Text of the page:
If You’re in Retail, You’re Probably Going to Get Hacked. Are you Ready?

If You’re in Retail, You’re Probably Going to Get Hacked graphic
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From large scale ransomware attacks, to phishing campaigns, to point of sale (PoS) skimming schemes, cybercriminals have a vast arsenal of techniques to wreak havoc on retail organizations and their customers. The increased volume of shopping during the holidays only exacerbates that risk and creates more opportunity to strike.

Online sales during the 2019 holiday season have been incredibly high, with reported sales of $7.4 billion on Black Friday and $9.4 billion on Cyber Monday. The high volume of holiday shoppers presents an opportunity for cyber criminals to take advantage of existing vulnerabilities and carry out malicious attacks that have the potential to devastate both consumers and businesses.

Prior to 2018, cybersecurity data suggested that the most common type of attack in the retail industry was point of sale intrusion, but according to this year’s Verizon Data Breach Investigations Report, web application attacks have risen in popularity to become the most common. The evolution in attack methods can be linked to the retail industry’s digital transformation, where intuitive e-commerce and expanded offerings to enhance the digital experience become more prevalent. These shifting business models and changing attack methods have made many cybersecurity protocols antiquated and ineffective against emerging threats.

While the high-volume holiday season may be coming to a close, the threat against retailers and their customers isn’t going anywhere. According to recent research from the Ponemon Institute 61% of retailers have experienced a cyberattack in the past year, but 50% of retailers reported having no response plan for a data breach. This lack of cybersecurity prioritization leaves organizations vulnerable to malicious attacks that cripple businesses, exploit customer data, and cause retailers millions in damages.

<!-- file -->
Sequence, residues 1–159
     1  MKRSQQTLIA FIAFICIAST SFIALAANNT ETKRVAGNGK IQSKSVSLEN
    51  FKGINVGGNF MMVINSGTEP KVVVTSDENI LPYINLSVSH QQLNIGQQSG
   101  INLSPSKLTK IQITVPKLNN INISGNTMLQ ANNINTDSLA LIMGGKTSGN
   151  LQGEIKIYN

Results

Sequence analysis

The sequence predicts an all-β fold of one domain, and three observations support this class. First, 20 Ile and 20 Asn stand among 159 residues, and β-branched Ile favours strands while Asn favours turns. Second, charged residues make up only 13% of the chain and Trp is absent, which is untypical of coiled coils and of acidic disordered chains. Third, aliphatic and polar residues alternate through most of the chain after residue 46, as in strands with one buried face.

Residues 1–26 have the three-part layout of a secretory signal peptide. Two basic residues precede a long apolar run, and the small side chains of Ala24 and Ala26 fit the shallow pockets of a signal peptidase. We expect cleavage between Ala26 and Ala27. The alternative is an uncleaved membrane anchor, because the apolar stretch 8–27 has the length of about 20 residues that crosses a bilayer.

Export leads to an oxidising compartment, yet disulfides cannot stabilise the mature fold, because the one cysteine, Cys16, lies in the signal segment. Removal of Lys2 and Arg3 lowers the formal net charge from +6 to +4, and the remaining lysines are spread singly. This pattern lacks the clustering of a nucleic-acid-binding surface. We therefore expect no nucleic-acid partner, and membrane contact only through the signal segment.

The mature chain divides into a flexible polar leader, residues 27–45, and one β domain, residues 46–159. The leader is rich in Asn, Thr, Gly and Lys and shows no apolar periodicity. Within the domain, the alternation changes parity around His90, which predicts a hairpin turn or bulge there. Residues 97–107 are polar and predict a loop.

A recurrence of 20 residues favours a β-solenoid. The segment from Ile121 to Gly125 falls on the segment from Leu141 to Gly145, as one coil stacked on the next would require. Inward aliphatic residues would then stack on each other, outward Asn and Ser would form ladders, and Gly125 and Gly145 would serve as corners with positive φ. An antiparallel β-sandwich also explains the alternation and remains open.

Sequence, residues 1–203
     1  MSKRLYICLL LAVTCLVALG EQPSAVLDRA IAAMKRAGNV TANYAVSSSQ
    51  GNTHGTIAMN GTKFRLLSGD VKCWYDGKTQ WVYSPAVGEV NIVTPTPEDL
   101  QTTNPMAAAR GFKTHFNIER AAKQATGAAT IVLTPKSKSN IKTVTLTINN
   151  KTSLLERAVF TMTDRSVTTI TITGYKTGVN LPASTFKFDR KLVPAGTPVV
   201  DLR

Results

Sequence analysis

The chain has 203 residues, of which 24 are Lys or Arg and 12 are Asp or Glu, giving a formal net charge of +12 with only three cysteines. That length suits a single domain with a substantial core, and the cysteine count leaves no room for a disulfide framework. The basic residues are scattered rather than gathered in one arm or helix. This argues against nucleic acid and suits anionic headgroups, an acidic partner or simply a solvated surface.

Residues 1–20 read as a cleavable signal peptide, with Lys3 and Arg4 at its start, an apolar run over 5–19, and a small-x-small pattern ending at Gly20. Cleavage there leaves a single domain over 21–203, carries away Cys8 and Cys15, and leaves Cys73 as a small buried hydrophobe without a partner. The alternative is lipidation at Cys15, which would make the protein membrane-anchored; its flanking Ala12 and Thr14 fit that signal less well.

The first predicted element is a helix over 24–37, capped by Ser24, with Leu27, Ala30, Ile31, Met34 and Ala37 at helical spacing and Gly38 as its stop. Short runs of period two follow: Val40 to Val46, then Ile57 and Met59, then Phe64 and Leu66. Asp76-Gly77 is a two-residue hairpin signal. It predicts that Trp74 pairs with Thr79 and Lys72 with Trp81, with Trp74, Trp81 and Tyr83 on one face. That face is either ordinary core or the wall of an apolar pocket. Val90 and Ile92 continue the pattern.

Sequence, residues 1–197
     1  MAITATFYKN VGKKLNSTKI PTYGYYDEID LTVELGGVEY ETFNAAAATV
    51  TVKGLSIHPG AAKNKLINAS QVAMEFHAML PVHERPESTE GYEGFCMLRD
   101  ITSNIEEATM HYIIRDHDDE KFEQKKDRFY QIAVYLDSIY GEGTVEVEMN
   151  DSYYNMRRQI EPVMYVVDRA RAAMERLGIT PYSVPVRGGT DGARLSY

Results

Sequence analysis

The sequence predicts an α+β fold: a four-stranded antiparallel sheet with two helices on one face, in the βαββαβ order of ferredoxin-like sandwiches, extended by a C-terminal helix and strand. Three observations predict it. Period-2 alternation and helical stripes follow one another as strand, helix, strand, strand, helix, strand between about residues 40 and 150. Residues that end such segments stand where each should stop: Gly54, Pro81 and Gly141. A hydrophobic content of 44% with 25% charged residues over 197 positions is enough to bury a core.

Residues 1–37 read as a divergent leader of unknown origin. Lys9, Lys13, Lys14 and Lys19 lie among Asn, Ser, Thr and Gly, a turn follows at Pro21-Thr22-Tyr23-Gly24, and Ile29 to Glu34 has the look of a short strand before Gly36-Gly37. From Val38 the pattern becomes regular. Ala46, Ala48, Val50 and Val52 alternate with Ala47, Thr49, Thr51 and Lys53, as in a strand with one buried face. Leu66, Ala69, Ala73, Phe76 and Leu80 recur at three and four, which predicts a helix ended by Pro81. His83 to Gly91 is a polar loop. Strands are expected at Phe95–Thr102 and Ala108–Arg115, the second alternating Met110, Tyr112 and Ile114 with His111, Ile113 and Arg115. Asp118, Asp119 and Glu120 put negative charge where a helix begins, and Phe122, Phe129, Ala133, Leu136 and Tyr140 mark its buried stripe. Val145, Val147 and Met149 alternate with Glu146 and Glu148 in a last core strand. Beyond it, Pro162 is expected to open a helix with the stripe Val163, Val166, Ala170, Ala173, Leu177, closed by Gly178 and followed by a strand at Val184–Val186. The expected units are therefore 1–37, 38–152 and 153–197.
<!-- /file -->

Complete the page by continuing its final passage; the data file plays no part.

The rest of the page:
With the odds stacked in favor of cybercriminals, it’s imperative that retail organizations take preventative measures now. With LinkGuard, organizations can quickly create secure and segmented networks and introduce additional layers of security such as encrypting all data in transit from PoS systems to payment processors. Because data isolated and is only transported after a cryptographic tunnel is created between two peer LinkGuard appliances, retailers are protected from man-in-the-middle attacks, IP spoofing, credential theft, and other network-based attacks. Yet this same LinkGuard solution also provides a secure path for retail management and third-party vendors to access the segmented network without worry of data exfiltration.

See how Blue Ridge Networks worked with a large retailer to resolve their cybersecurity challenges by segmenting and securing PCI networks, all while maintaining connectivity and uptime for 22 remote stores and staying within a set budget, in our recent case study.  Or, reach out to our team of cybersecurity experts about how Blue Ridge can help strengthen your cybersecurity infrastructure.